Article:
Boffins at IBM Research's Almaden centre have stored one bit in 12 atoms - creating a memory that's 150 times denser than NAND flash. They used the anti-ferromagnetism phenomenon to order the 12 atoms in a stable group that retained its properties for several hours, and wasn't influenced by neighbouring groups. A byte needs 96 …
If it's real. The first time back in the 90's was proven to be false.
Are you referring to the IBM lettering in atoms that were manually arranged rather than by some process?
Interesting stuff. I wonder if all that iron will makes the drives heavy, or prone to rust at all?
<-- look again in case you missed it.
No more so than you're used to
Make sure to give it a good scrub with steel wool once a year or so, just like you're used to doing with typical HDD platters today, and you'll be fine.
Does this make the data more vulnerable?
If a bit is stored on a correspondingly smaller number of atoms (assuming that this research leads to a product, although I note the delay suggested in the article) does this mean that that data could be corrupted by a weaker external force such as, for example, a magnetic field? I'm not suggesting that more atoms gives any kind of RAID type redundancy, but perhaps a larger group or atoms it might be less of a "moveable object" by comparison to the smaller group, or be able to lose a single atom without ill effect, the relative propotions being different.
Would that mean that any protective case might need therefore to be stronger/heavier to compensate for our increasingly EM-rich environment? Also in relationt this I have no idea if the casing around most HDDs functions as a Faraday cage. Perhaps an appropriately educated person could enlighten me on these questions.
... not the new technology, but the fact that existing, working, reliable tech is only a couple of orders of magnitude less dense than this exotic new stuff. I really am impressed.
Worlds smallest SSD
Boffin: "Great we've made this 4TB SSD that fits in a microsd housing."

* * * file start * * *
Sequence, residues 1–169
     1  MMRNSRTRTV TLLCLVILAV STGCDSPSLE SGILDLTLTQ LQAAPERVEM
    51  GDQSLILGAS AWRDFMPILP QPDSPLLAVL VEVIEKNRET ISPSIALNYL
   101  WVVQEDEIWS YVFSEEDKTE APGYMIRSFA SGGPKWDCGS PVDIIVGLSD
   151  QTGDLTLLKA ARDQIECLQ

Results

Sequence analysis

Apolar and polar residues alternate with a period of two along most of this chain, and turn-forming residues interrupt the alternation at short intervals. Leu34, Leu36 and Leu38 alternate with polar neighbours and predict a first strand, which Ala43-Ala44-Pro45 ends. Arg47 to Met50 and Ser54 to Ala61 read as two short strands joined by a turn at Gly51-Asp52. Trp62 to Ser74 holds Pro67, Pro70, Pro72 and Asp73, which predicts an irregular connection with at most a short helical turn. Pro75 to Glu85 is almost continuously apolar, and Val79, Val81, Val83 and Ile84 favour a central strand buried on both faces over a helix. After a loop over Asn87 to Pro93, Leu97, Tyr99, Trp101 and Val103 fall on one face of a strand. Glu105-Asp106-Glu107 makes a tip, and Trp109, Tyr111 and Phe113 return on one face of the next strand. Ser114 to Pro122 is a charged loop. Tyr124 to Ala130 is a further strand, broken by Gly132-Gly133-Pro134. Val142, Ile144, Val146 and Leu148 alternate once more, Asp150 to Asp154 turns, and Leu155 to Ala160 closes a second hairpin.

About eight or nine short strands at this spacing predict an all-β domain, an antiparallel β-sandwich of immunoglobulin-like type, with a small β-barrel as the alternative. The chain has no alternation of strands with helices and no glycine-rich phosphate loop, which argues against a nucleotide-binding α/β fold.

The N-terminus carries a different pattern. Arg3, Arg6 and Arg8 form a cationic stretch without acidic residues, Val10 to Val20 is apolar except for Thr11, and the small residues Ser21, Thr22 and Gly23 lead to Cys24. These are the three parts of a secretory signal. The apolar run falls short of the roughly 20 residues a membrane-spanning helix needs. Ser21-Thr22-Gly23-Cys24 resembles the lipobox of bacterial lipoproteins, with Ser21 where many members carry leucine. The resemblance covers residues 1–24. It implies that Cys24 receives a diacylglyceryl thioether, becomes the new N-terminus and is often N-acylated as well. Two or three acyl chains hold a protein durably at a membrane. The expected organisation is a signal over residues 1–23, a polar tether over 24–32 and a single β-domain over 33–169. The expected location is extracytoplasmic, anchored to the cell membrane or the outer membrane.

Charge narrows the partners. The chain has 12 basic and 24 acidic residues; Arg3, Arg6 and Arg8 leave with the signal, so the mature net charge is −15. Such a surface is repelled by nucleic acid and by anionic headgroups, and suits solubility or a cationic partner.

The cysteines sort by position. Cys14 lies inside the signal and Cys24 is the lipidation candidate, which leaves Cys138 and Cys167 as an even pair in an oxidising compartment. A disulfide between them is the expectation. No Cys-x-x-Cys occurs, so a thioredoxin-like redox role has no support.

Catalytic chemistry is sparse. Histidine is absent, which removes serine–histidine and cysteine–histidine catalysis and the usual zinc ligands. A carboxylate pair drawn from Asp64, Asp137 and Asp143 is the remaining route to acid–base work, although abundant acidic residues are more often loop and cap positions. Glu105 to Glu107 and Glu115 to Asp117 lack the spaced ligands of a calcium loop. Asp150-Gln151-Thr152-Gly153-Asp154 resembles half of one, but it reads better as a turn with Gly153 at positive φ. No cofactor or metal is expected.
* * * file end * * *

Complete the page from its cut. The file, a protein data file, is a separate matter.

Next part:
Manager: "What's the pipes and industrial gas canister for?!"
Boffin: "Keep it cool, so it retains the data".
Another breakthrough in technology and you have marked it a fail?
You seem to have missed his point
It's an interesting idea, but the parent's point is that it requires temperatures to be low enough to that it can't be maintained by any reasonable means.
Call it a "breakthrough" all you want, but until it's able to be done at room temperature rather then temperatures so low they do not naturally occur on earth it's not USEFUL.
you're missing a bigger point
right, because basic research isn't useful unless it's packaged for retail.
... the room full of STM to store (and then read) the data. Or are STMs a bit smaller than they were when I did my PhD?
This article has more detail:
Apparently, room temperature will take about 150 atoms, compared with about 1 million currently. So it is still a worthwhile breakthrough.
What they fail to mention is the upper limit, yes at room temperature, but what about 85 C?? (Typical upper limit for PC parts)
i.e. if it gets too warm does it lose it's data?
Aren't conventional disks ferromagnetic?
Wouldn't it be risky to use ferromagnetism and anti-ferromagnetism in the same machine?
Not so long
as you keep them far apart.
Ferromagnetism and Anti-ferromagnetism are not opposites